Get in Basketball Shape With the Right Workout

Get in shape and hone your court skills with this basketball-specific workout from STACK Expert John Cissik.

Basketball players tend to rely on run-of-the mill sprints, suicides or distance running for their workouts. But a basketball workout can be so much more, focusing on the metabolic conditioning you need to be in shape and resist fatigue.

Here are four of my favorite metabolic conditioning workouts for basketball.

1. Jump Rope/Kettlebell/Core Workout

This circuit, designed to work your entire body, helps you develop fast feet, strengthen your ankles and get your core in shape. You will need a jump rope and a kettlebell you can swing with good form for at least 30 seconds.

Perform three total circuits that call for three exercises, each performed for 30 seconds. There should be no rest during a circuit. That means you will be active for 90 seconds during each circuit. You can rest for 60 seconds after each circuit.

Circuit 1

  • Jump Rope, both feet
  • Two-Handed Kettlebell Swings
  • Plank

Circuit 2

  • Jump Rope, move side to side
  • One-Handed Kettlebell Swings
  • Side Bridge (right side)

Circuit 3

  • Jump Rope, alternate feet
  • Kettlebell Snatch
  • Side Bridge (left side)

2. Bodyweight/Sprint Workout

This workout, ideally done on a basketball court, works your entire body while simulating the kind of sprinting you have to do during games. Each exercise should be performed for 30 seconds, followed by a half-court sprint. Repeat as many times as you like.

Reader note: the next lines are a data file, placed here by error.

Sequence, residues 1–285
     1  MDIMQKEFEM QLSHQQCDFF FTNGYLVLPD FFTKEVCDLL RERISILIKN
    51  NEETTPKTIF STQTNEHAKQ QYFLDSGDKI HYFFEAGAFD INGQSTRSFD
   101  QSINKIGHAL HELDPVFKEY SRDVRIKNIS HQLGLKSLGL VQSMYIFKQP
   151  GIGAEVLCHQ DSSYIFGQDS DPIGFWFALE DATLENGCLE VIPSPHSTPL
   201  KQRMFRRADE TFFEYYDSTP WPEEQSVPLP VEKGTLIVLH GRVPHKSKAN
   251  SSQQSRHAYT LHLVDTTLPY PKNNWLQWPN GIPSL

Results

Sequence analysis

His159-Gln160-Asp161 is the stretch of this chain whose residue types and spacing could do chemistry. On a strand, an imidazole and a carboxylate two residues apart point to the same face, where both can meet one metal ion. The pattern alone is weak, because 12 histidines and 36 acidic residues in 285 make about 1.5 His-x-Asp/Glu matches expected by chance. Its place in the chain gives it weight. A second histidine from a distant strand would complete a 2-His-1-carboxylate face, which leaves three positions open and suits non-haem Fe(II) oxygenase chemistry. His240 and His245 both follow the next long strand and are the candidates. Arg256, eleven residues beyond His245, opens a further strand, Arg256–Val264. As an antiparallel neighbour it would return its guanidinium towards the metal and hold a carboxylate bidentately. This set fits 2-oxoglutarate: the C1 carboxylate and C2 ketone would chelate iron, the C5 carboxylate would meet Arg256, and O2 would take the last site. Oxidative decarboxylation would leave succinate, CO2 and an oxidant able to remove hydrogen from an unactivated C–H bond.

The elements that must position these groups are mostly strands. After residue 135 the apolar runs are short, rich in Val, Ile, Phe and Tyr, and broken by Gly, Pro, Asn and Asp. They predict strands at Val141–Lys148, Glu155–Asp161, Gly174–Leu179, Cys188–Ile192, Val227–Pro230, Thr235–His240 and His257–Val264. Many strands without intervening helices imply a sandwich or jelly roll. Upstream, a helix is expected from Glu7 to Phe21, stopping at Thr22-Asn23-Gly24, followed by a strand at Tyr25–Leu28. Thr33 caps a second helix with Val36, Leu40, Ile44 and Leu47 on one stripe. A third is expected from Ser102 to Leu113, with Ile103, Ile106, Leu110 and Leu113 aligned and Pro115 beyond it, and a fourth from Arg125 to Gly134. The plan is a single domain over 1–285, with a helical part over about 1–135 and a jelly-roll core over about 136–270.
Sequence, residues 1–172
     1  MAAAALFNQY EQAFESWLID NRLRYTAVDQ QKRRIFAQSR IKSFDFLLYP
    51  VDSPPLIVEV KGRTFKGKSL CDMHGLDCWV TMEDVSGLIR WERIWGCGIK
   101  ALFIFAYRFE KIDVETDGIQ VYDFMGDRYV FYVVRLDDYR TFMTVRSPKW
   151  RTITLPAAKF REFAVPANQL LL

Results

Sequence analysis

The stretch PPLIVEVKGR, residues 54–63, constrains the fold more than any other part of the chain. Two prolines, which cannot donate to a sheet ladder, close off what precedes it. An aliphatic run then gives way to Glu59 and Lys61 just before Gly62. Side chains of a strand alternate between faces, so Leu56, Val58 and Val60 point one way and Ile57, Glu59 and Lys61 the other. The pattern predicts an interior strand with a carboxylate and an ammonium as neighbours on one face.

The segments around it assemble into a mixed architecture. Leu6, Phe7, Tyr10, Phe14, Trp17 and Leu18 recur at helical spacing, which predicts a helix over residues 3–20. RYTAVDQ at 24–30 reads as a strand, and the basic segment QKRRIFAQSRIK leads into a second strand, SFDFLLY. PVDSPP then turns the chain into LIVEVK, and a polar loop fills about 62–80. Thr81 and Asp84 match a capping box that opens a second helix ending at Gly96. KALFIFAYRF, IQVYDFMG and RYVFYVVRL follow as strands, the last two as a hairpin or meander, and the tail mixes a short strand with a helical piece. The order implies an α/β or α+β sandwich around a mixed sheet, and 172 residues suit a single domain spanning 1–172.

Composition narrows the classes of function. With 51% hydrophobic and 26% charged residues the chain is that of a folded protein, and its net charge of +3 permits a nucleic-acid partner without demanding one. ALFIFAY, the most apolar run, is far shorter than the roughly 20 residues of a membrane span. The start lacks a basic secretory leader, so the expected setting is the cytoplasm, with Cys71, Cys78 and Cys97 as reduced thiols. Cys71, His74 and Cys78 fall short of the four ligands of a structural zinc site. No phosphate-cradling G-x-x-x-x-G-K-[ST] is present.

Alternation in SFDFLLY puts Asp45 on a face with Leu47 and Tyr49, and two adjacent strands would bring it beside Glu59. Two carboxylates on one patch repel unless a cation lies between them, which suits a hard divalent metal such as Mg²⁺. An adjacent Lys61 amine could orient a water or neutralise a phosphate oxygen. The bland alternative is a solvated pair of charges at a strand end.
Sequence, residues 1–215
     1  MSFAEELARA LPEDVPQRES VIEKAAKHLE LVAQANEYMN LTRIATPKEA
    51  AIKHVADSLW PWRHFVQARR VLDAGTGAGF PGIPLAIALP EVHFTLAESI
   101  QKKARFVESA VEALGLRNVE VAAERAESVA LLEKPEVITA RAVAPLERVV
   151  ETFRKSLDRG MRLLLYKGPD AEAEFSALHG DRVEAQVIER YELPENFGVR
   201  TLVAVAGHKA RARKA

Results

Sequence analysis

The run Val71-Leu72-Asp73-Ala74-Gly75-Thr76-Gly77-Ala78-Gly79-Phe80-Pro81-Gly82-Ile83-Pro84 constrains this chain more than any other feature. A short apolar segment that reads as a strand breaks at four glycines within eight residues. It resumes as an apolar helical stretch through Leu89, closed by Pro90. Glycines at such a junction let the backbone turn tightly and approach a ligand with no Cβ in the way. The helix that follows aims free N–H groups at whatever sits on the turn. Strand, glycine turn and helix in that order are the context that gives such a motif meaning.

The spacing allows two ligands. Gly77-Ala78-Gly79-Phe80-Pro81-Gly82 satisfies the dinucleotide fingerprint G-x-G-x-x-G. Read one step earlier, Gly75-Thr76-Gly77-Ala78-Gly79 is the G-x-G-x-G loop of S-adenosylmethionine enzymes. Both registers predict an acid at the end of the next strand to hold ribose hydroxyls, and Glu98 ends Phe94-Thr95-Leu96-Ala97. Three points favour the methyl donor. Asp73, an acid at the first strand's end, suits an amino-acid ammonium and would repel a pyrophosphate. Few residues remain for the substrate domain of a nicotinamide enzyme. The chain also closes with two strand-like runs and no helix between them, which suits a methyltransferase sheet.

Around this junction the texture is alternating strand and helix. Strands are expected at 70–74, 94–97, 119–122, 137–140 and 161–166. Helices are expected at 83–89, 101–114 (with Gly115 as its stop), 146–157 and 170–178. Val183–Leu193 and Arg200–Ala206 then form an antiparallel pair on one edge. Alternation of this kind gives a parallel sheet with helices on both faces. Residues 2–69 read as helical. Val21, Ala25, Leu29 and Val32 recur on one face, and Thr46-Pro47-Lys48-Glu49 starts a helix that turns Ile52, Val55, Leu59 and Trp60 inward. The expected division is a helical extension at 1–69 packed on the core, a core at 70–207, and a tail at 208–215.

• Jumping Jacks
  • Sprint
  • Bodyweight Squats
  • Sprint
  • Lunges in Place
  • Sprint
  • Inchworms
  • Sprint
  • Bear Crawls
  • Sprint
  • Push-Ups
  • Sprint
  • Crunches
  • Sprint

3. Treadmill Workout

This workout is designed to teach you how to increase your intensity even when you're tired, preparing you for the last few minutes of a game, when you really need to turn it on. Pick a treadmill speed for a comfortable jog. This is your base speed. Warm up at your base speed for five minutes, then increase your speed for a 10th of a mile. Then run at your base speed for 90 seconds. Repeat this eight times. For each of the .10-mile bursts, increase your speed over the previous 10th. Your last sprint should be the fastest of the workout. Below is an example of how I run this workout to give you an idea of how to increase the speed.

  • 5 minutes at 6 mph
  • .1 miles at 7 mph
  • 90 seconds at 6 mph
  • .1 miles at 7.3 mph
  • 90 seconds at 6 mph
  • .1 miles at 7.6 mph
  • 90 seconds at 6 mph
  • .1 miles at 7.9 mph
  • 90 seconds at 6 mph
  • .1 miles at 8.2 mph
  • 90 seconds at 6 mph
  • .1 miles at 8.5 mph
  • 90 seconds at 6 mph
  • .1 miles at 8.8 mph
  • 90 seconds at 6 mph
  • .1 miles at 9.1 mph

The first time you do this workout, perform four sprints. Over a two-month period, build up to eight.

Learn 6 more challenging treadmill drills.

4. Small-Sided Game

This workout builds endurance and works your sprinting and ball skills. You need a ball, three friends and access to a basketball court. Play a modified game with two players per side. If you want to emphasize sprinting and endurance, play full court. If you want to emphasize basketball skills, play half court. You can modify the rules to make sure everyone gets to develop their skills. For example, require a pass to your teammate before anyone can score. These games should be played for four to five minutes with two to three minutes of recovery.

Learn more basketball conditioning drills.

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